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Event Handling Guide for UIKit Apps

Gesture Recognizer Basics

Gesture recognizers are the simplest way to handle touch or press events in your views. You can attach one or more gesture recognizers to any view. Gesture recognizers encapsulate all of the logic needed to process and interpret incoming events for that view and match them to a known pattern. When a match is detected, the gesture recognizer notifies its assigned target object, which can be a view controller, the view itself, or any other object in your app. Notifications are sent using the target-action design pattern, an example of which is shown in Figure 1-1. When the UITapGestureRecognizer object detects a single-finger tap in the view, it calls an action method of the view’s view controller, which you use to provide a response.

Figure 1-1A gesture recognizer notifying its target image: ../Art/gesture_recognizer_action_flow_2x.png

Gesture recognizers come in two types: discrete and continuous. A discrete gesture recognizer calls your action method once after the gesture is recognized. A continuous gesture recognizer may call your action method many times, including at the beginning and end of the gesture and each time the details of a tracked event change. For example, a UIPanGestureRecognizer object calls your action method whenever the position of a touch event changes.

Interface Builder includes objects for each of the standard UIKit gesture recognizers. It also includes a custom gesture recognizer object that you can use to represent your custom UIGestureRecognizer subclasses.

To configure a gesture recognizer
  1. In your storyboard, drag the gesture recognizer onto your view.

  2. Implement an action method to be called when the gesture is recognized; see Listing 1-1.

  3. Connect your action method to the gesture recognizer.

    You can create this connection in Interface Builder by right-clicking the gesture recognizer and connecting its Sent Action selector to the appropriate object in your interface. You can also configure the action method programmatically using the addTarget:action: method of the gesture recognizer.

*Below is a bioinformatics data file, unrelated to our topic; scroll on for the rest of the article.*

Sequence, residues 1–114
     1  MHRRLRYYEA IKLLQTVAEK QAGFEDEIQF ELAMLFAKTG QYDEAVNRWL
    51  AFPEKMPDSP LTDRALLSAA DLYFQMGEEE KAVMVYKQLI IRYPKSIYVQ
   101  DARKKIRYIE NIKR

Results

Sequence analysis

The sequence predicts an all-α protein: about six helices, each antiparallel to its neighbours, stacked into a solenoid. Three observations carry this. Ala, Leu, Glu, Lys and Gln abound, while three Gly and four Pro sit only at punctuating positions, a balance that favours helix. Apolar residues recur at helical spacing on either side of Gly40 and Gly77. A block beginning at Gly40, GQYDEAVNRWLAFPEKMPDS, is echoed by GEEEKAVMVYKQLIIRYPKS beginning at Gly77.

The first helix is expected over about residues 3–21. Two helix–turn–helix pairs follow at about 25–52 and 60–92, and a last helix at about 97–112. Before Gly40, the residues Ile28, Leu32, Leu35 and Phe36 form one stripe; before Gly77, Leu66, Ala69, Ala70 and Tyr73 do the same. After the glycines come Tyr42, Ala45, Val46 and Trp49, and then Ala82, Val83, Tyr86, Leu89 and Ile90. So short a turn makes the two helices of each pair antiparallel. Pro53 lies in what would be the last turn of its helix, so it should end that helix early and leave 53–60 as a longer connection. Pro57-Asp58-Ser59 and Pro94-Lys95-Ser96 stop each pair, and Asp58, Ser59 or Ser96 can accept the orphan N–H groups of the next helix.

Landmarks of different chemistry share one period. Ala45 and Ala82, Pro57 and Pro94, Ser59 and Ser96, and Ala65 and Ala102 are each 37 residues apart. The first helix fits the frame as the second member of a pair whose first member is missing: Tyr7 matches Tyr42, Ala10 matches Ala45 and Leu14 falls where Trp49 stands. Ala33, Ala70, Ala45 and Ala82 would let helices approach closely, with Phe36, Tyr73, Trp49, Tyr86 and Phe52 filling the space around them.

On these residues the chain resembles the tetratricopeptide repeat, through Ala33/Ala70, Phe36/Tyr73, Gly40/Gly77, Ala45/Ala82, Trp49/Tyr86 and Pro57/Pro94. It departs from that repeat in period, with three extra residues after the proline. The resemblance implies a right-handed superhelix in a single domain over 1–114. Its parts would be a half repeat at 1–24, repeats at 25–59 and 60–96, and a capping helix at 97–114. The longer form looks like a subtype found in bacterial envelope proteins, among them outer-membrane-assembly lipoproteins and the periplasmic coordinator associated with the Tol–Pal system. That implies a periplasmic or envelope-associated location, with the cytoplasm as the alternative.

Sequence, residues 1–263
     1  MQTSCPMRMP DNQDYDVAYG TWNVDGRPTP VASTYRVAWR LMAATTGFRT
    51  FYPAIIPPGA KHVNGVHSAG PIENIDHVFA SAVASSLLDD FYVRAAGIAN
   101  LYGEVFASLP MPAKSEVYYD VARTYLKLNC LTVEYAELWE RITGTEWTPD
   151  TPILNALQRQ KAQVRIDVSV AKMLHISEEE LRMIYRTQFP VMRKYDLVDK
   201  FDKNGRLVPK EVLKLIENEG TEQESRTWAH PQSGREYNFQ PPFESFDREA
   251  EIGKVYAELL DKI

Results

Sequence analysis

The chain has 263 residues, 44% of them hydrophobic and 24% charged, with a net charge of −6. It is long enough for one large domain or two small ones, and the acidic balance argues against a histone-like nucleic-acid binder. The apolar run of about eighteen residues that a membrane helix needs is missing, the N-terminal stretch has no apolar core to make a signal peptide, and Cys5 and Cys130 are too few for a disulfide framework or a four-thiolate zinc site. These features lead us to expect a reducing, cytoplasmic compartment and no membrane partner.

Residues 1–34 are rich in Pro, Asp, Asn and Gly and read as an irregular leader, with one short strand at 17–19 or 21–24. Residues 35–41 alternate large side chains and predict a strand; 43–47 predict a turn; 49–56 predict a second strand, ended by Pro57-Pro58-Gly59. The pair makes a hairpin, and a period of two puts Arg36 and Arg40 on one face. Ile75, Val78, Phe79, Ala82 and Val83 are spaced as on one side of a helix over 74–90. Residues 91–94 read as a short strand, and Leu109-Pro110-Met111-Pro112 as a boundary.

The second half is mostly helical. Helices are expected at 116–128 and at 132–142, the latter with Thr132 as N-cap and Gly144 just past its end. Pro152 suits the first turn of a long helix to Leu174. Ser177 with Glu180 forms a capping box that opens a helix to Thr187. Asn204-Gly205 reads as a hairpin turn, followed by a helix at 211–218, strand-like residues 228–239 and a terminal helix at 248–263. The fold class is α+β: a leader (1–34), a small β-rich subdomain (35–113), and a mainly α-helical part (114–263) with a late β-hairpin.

Listing 1-1 shows the generic format for the action method of a gesture recognizer. If you prefer, you can change the parameter type to match a specific gesture recognizer subclass.

Listing 1-1Gesture recognizer action methods

Objective-C

  1. - (IBAction)myActionMethod:(UIGestureRecognizer*)sender

Swift

  1. @IBAction func myActionMethod(_ sender: UIGestureRecognizer)

Responding to Gestures

The action method associated with a gesture recognizer provides your app’s response to that gesture. For discrete gestures, your action method is similar to the action method for a button. Once the action method is called, you perform whatever task is appropriate for that gesture. For continuous gestures, your action method can respond to the recognition of the gesture, but it can also track events before the gesture is recognized. Tracking events lets you create a more interactive experience. For example, you might use the updates from a UIPanGestureRecognizer object to reposition content in your app.

The state property of a gesture recognizer communicates the object’s current state of recognition. For continuous gestures, the gesture recognizer updates the value of this property from UIGestureRecognizerStateBegan to UIGestureRecognizerStateChanged to UIGestureRecognizerStateEnded. Your action methods use this property to determine an appropriate course of action. For example, you might use the began and changed states to make temporary changes to your content and use the ended state to make those changes permanent. Always check the value of the state property of a gesture recognizer before taking actions.

For examples of how to handle specific types of gestures, see the following information:

For more information about gesture recognizer states and how they affect your code, see Implementing a Custom Gesture Recognizer.